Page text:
Inclusive Marketing: Creating Authentic Brand Imagery

| By Keith Hutchens

As designers, we’re always challenged to select imagery that effectively connects a brand with its audience. As part of fostering meaningful relationships with that audience, it’s important to remember that brand trust and authenticity go hand-in-hand. And a big part of this conversation today surrounds inclusivity.

While not everyone defines inclusive marketing the same way, our team likes this interpretation from Salesforce: “We define inclusive marketing as creating content that truly reflects the diverse communities that our companies serve.”

Inclusive content can refer to a number of different things. But for the sake of this article, I’m focusing on imagery – photos, illustrations and other graphics — that represent the wide range of people who make up a brand’s community. Representing that community’s diverse ethnicity, gender, age, sexual orientation, disability, religion, and more is an even more important part of my design process, whether I’m sourcing stock images, coordinating custom photography, or lining up illustration.


The Rise of Stock Photography

I have been lucky enough to work in graphic design for over three decades. My generation of designers grew up on drawing boards when there were no readily available stock image libraries to browse. So, we either had to shoot the photos we needed for each project or design custom illustrations. At the time, clients weren’t asking us to create diverse or inclusive imagery. But through the years, we saw changes on both those fronts.

While the concept of stock photography dates back to the 1920s, they weren’t widely accessible until the digital era. Photographers found that selling generic images at affordable royalty-free prices was lucrative, and the result was thousands of picture-perfect smiling faces. As you probably experienced first-hand, these highly staged photoshoots eventually lost their appeal. Today, stock libraries like Getty Images and iStock realize the importance of diversity and have expanded their offerings to accommodate.

In an age of increasing accountability by the public, clients began to steer away from stock photography due to its generic nature and bias tendencies. To avoid being ‘called out’ for a lack of diversity, some brands began to include only illustrations or photography that didn’t show actual people. This felt like the safest option. On the other end of the spectrum, many businesses hoped to incur favor with wider audiences by jam-packing diversity into every image possible. This can also feel forced and lead to viewers questioning brand values and motivations.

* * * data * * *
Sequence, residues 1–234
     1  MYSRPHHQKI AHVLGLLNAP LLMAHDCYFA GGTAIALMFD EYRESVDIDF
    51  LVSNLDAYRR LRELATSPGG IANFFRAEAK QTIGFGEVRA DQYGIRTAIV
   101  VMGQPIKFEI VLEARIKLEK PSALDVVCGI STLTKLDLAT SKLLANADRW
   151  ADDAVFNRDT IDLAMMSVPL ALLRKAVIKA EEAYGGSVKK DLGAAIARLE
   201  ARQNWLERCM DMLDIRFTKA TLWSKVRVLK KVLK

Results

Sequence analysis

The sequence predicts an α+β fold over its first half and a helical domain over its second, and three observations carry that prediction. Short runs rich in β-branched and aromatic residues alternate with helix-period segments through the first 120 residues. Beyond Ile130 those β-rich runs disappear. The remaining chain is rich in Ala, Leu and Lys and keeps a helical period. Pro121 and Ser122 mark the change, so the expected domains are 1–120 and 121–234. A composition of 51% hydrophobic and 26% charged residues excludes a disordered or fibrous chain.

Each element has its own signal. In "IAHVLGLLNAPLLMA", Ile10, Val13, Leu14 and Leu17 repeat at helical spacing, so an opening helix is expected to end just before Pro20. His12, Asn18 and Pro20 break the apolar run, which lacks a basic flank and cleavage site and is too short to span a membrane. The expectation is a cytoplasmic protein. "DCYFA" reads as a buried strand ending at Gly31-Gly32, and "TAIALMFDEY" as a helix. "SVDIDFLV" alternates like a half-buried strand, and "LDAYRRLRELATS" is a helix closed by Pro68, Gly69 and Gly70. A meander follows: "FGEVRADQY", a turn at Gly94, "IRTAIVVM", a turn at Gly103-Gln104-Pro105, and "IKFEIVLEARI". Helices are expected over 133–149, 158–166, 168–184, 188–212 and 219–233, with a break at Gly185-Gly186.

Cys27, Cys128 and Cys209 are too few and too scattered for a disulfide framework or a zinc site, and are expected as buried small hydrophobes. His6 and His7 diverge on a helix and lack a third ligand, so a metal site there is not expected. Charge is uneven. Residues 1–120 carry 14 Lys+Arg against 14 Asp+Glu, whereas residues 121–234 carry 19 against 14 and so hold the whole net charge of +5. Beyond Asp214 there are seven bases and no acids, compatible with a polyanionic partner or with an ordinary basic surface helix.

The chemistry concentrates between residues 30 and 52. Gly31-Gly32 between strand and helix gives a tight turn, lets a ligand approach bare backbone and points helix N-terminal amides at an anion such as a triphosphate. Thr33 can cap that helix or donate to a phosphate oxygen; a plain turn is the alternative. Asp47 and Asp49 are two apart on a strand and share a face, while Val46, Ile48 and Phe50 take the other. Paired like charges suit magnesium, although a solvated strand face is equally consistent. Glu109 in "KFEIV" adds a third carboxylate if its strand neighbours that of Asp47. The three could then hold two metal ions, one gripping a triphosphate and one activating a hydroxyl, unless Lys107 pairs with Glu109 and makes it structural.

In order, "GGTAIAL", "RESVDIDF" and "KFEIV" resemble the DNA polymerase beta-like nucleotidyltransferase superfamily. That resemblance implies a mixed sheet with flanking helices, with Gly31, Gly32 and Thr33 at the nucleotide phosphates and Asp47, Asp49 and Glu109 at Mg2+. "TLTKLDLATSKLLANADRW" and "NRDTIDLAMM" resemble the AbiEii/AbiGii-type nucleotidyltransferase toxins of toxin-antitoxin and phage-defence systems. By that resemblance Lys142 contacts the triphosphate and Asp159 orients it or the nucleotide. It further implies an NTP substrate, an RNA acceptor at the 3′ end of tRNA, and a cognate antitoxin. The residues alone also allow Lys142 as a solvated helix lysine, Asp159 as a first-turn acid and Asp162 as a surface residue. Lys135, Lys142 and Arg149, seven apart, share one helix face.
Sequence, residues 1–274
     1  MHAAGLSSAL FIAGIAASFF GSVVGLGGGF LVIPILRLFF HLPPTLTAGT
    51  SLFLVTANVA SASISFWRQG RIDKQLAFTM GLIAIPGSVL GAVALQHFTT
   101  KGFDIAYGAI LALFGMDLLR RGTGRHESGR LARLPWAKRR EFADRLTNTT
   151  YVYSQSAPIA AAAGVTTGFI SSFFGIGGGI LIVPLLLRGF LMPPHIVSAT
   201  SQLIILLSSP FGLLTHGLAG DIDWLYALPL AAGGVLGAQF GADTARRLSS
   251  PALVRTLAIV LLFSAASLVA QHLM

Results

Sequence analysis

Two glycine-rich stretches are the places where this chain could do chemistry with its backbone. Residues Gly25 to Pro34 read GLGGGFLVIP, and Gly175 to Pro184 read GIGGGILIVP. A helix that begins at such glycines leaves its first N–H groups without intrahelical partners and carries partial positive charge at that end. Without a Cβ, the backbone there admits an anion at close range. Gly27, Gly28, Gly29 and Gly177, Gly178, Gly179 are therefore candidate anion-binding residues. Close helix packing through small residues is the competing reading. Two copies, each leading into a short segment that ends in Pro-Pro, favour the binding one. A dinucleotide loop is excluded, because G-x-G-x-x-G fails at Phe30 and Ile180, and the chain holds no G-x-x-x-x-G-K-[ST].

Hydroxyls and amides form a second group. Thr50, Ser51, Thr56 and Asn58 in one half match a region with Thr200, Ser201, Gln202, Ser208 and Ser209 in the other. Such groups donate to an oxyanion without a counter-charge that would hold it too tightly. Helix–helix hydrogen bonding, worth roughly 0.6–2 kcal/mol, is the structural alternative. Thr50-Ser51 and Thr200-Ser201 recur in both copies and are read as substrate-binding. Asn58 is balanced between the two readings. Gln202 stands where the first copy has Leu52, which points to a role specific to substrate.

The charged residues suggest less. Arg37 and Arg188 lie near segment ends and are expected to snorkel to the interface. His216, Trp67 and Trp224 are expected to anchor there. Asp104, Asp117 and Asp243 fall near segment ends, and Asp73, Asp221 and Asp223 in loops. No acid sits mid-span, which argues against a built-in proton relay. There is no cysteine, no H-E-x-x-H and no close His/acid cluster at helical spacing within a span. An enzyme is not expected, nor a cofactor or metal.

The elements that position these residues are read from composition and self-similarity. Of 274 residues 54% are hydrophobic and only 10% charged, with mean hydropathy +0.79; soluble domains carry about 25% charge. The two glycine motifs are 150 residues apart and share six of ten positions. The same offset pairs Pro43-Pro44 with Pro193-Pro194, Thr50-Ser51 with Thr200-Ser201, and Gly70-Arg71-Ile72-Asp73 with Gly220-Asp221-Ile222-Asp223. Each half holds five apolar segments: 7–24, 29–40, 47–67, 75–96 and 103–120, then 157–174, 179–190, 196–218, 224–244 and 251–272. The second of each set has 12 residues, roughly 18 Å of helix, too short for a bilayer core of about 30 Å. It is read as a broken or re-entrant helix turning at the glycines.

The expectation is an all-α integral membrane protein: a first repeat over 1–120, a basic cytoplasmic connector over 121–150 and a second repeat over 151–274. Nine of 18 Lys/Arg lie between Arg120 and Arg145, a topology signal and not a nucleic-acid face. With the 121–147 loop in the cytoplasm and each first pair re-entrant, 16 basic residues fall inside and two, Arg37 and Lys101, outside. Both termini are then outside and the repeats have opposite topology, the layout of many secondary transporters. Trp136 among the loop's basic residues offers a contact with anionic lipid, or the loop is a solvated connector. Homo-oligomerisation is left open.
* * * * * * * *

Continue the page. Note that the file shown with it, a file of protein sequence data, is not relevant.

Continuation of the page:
Choosing the Right Image

As designers, we want each image in a design to feel natural and right for the piece. We’ve found that the best way to source stock photography is to remove ourselves from the situation and focus on the audience.

We typically start with finding photos for the right situation and age group—are we looking for a happy family, a businessperson, or perhaps an active senior couple? Evaluate the brand’s top demographics like age, socioeconomic status, education, marital status and children.

Then, we consider where the audience is. It’s important not to discount the importance of making sure an image fits within the geography of the campaign. For example, we may find a photo of a woman working remotely from an urban café, but there are euros on the table instead of American dollars.

At this stage, we’re not excluding any photos based on the subject matter’s appearance, race, or ability, but lack of availability of diverse imagery can still cause the image candidate pool to be limited. For our personal style, what matters most is finding that “slice of life” image that feels natural.


Ultimately, our best advice for brands is to be true to themselves, their values and their audiences. Don’t shy away from who you are, but fully embrace the different ways that who you are can be reflected through the imagery you choose. We understand that imagery is only one aspect of addressing inclusivity in marketing. To create a truly inclusive community, brands should not only incorporate diversity in their campaigns but also through their actions.


Need help connecting with key audiences to target for your next campaign? Struggling to source imagery that feels authentic? Contact our team today to learn how we can help you handcraft customized marketing solutions today.


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